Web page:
2. MAKE AN ASSIGNMENT/DEADLINE CHECKLIST
As soon as I know the names of each of my units and the assignments, projects and deadlines that existed underneath each, I set to making a very large checklist of the units and assignments, projects and deadlines. I found this the most efficient way forward. It was very visual and simple for me as I was now able to keep track of each one and what was involved without it seeming it being to daughtering. I colour coded it, so each unit was bright and easier to comprehend and didn’t seem as boring as it would if I accepted a checklist from the University.
Once I created one, I pinned my checklist up by my computer and I unconsciously kept checking it regularly, which kept me in a more positive mindset as it gave me subtle reminders to keep up to date with it all and not fall behind.
I think making a checklist is the best way to manage all your deadlines for all of your University. You can design your own University deadline checklist to include all of the details you want. I will be doing it next year.
Trust me, there is nothing more satisfying and rewarding, than when you grab a coloured pen and put a very large tick next to the assignment you have just submitted!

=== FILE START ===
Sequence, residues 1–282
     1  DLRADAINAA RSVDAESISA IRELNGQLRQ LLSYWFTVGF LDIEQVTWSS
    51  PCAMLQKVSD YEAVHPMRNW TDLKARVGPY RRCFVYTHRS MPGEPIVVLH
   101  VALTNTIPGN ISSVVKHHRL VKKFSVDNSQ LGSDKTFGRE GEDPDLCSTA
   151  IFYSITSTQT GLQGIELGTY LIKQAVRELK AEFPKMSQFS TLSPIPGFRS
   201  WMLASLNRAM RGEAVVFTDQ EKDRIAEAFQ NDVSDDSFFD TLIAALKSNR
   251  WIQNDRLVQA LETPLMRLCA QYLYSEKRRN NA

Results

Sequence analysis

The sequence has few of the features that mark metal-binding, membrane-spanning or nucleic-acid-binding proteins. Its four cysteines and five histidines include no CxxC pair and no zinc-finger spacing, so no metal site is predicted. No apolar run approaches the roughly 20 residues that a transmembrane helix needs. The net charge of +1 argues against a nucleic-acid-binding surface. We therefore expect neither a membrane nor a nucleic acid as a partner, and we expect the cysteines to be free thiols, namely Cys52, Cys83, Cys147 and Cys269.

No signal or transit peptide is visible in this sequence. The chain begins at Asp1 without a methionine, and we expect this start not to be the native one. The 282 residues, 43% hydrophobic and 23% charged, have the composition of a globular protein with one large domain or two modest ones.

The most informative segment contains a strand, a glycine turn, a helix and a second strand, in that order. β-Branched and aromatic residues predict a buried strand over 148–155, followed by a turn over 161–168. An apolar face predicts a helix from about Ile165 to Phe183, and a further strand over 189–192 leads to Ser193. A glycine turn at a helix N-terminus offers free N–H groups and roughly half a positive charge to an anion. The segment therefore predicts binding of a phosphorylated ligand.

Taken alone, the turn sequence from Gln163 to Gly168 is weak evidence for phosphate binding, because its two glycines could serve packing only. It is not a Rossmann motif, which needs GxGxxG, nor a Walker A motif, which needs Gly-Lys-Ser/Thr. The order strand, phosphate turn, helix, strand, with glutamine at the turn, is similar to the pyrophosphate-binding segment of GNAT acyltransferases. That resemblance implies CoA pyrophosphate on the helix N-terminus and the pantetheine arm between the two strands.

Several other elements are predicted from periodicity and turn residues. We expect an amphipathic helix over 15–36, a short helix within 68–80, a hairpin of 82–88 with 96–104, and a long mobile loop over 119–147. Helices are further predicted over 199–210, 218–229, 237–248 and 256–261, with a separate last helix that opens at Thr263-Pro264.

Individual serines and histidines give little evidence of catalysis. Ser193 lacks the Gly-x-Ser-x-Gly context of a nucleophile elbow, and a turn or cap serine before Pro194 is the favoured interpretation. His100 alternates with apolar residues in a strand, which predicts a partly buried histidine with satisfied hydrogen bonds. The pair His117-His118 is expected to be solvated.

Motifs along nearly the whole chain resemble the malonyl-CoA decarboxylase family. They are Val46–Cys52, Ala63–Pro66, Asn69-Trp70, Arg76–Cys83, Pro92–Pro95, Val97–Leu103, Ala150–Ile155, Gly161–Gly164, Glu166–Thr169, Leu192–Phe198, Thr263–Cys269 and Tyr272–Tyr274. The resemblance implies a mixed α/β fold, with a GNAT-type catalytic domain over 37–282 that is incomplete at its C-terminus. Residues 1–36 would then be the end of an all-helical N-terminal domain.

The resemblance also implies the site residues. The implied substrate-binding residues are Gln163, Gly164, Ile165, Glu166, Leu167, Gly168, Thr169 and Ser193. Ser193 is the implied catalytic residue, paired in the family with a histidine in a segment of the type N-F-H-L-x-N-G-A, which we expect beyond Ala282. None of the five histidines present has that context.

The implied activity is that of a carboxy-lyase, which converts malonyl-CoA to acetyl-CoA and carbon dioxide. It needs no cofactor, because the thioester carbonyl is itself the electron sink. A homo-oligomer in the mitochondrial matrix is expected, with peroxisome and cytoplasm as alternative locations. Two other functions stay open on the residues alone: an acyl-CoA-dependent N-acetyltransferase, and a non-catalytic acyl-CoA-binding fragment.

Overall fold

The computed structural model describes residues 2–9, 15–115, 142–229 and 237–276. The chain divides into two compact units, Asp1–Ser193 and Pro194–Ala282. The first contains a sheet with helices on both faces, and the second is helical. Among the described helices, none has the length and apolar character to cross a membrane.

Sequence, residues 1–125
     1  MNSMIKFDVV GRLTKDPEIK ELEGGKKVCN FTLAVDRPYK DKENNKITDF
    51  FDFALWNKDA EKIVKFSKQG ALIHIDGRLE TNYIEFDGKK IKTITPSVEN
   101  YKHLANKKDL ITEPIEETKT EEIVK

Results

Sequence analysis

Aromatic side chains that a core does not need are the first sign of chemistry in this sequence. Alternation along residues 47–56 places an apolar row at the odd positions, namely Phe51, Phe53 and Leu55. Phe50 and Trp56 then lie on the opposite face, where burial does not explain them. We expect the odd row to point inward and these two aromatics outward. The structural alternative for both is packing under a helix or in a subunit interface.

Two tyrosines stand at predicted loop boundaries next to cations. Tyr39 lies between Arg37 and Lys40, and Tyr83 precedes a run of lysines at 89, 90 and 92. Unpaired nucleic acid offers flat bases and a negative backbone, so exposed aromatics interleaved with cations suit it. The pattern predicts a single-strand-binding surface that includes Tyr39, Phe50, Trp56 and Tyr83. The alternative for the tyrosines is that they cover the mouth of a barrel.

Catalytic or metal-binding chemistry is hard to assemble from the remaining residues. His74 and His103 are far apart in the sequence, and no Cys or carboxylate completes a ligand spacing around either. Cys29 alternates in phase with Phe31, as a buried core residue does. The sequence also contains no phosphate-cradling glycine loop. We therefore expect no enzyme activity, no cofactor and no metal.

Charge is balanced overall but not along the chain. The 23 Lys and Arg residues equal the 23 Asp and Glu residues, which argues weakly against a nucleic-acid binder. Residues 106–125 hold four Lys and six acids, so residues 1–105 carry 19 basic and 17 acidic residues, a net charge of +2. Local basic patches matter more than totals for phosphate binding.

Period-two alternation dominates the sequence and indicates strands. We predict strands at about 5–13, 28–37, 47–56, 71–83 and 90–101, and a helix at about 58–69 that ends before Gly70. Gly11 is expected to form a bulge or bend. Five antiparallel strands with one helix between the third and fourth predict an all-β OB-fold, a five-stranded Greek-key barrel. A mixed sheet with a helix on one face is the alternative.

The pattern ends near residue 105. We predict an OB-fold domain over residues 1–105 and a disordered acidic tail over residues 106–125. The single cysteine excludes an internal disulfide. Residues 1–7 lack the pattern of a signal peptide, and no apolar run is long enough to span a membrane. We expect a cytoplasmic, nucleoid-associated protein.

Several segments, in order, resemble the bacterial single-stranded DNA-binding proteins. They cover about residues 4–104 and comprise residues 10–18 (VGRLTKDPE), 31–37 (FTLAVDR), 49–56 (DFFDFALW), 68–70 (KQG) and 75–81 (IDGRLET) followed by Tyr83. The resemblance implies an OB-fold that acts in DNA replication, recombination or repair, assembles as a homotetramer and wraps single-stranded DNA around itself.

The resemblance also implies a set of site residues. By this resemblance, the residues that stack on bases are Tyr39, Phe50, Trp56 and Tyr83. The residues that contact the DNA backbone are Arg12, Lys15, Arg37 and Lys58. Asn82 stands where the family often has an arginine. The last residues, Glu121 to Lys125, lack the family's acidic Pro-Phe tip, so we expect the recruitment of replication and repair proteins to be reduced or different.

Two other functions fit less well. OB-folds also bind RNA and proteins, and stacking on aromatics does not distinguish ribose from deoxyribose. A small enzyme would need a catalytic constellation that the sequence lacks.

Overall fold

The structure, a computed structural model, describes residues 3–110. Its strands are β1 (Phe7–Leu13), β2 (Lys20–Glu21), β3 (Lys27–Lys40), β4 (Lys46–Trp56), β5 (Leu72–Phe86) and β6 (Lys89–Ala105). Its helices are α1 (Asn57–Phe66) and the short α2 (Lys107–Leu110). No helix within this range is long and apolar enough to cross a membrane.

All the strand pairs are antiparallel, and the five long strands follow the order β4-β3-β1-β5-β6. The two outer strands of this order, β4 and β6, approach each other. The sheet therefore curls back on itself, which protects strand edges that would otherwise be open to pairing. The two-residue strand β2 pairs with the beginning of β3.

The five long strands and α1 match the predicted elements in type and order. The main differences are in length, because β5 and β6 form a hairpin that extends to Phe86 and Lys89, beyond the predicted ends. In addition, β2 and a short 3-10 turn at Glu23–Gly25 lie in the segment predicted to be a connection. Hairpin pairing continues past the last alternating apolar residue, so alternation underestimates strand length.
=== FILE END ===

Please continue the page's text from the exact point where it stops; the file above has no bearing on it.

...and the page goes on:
3. TAKE IT ASSIGNMENT BY ASSIGNMENT – BREAK IT DOWN
I suggest that as soon as you get any assignment or project, look at the brief and the assignment criteria to see what you have to do to complete and succeed at it. Even if the deadline isn’t for a long time, begin working on it, so it doesn’t seem so bad when you come to it.
From experience, I found it effective to shut down everything on your desktop, so there no distractions. Once you have done this, use something called the split screen strategy. Then open up your assignment/essay criteria on one side of the screen and a blank word document on the other side of the screen.